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Title

Nutritive value of herbage from mountain hay meadow managed under traditional and intensive harvest systems as affected by nitrogen fertilisation and time of cutting

AuthorsBochi-Brum, O.; García, R.; Bodas, Raúl ; Calleja, Alfredo ; Andrés, Sonia ; López, Secundino
KeywordsChemical composition
Digestibility
Forage
Rumen fermentation kinetics
Issue Date2011
PublisherCSIRO Publishing
CitationAnimal Production Science 51(6) : 549-556 (2011)
AbstractThe aim of this study was to investigate the influence of harvest season and nitrogen (N) fertilisation on chemical composition and digestibility of the herbage harvested from a mountain meadow (of the vegetation type Arrhenatheretalia). Four rates ofNfertiliser (0, 60, 120 and 180 kg N/ha per year in a single spring application of calciumammoniumnitrate) were compared in field-replicated plots. The experiment lasted 7 years. During the first 3 years each plot was harvested twice per year (June and September) according to a traditional harvest system, whereas in the last 3 years (after a transitional year) each plot was harvested three times per year (spring, summer and autumn) following a more intensive harvest system. In both harvest systems, herbage collected in the first cut (early or late June) had higher fibre contents and lower digestibility (P < 0.001) than herbage collected in the regrowth.Nfertiliser increased significantly (P < 0.001) the annual yield of herbage in the 2-harvest system, but did not affect (P > 0.10) herbage yield in the 3-cuts system. N fertiliser changed the botanical composition of herbage and promoted grass growth, resulting in increased (P < 0.05) fibre content and decreased (P < 0.05) digestibility and rate of degradation of herbage, these effects being variable in the different harvest seasons. Our results suggest that the more intensive management system without N fertilisation could be considered a suitable practice for the management of these botanically complex mountain meadows. These results may contribute to design fertilisation and management practices of mountain hay meadows to optimise their productivity and sustainability.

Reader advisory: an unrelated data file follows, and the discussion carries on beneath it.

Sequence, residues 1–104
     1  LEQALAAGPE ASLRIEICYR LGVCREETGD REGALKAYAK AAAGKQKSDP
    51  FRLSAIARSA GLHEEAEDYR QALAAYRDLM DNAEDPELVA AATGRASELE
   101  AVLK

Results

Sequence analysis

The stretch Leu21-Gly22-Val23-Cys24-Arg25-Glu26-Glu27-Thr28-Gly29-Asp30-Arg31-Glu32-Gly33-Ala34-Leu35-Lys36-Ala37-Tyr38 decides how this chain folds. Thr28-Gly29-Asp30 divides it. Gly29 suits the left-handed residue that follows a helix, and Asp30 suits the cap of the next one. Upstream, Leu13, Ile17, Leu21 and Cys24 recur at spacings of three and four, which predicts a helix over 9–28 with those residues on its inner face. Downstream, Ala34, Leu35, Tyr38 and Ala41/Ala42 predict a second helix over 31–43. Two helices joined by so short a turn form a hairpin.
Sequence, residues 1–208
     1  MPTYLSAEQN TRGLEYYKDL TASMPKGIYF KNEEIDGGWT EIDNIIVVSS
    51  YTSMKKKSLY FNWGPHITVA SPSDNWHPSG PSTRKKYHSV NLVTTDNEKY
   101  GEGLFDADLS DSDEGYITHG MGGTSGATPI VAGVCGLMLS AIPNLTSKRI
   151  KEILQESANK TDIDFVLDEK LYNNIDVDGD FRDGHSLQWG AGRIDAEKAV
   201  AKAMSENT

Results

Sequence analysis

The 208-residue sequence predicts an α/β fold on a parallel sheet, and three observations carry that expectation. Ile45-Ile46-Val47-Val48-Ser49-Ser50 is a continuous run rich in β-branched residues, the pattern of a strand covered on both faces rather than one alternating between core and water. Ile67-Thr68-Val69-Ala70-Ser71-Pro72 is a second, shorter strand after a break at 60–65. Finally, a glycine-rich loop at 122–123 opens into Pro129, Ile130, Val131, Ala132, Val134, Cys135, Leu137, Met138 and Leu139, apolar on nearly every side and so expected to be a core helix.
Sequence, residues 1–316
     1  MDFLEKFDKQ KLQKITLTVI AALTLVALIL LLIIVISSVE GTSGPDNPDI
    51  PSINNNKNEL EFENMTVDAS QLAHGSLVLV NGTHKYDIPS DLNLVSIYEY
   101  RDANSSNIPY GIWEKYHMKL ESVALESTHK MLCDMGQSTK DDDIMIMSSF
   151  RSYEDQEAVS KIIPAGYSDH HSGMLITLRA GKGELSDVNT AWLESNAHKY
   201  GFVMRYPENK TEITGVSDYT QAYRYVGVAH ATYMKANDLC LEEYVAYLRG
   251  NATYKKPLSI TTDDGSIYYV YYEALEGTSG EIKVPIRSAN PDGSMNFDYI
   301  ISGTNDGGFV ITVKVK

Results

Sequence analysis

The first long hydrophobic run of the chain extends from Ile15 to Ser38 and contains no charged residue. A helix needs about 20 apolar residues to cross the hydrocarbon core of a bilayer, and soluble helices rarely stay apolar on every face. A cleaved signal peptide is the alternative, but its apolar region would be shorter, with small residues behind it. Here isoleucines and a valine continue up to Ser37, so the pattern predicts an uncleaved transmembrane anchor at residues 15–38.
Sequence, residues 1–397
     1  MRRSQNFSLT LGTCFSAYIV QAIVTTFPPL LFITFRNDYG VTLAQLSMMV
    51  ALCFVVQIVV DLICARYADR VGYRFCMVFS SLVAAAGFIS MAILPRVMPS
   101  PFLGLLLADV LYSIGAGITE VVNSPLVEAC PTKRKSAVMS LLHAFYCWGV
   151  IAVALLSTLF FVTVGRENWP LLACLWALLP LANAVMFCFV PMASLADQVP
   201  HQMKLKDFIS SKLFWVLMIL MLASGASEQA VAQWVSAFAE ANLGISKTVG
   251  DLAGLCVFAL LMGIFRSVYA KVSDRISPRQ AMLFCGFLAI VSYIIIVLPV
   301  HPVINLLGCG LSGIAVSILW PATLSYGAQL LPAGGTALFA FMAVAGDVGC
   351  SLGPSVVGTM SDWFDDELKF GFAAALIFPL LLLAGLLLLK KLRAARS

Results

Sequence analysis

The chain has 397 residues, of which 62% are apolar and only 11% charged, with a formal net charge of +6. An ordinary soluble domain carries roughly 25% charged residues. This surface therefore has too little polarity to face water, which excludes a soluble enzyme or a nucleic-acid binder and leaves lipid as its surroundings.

Description8 páginas, 4 tablas.
Publisher version (URL)http://dx.doi.org/10.1071/AN10182
URIhttp://hdl.handle.net/10261/60004
DOI10.1071/AN10182
ISSN1836-0939
Appears in Collections:(IGM) Artículos
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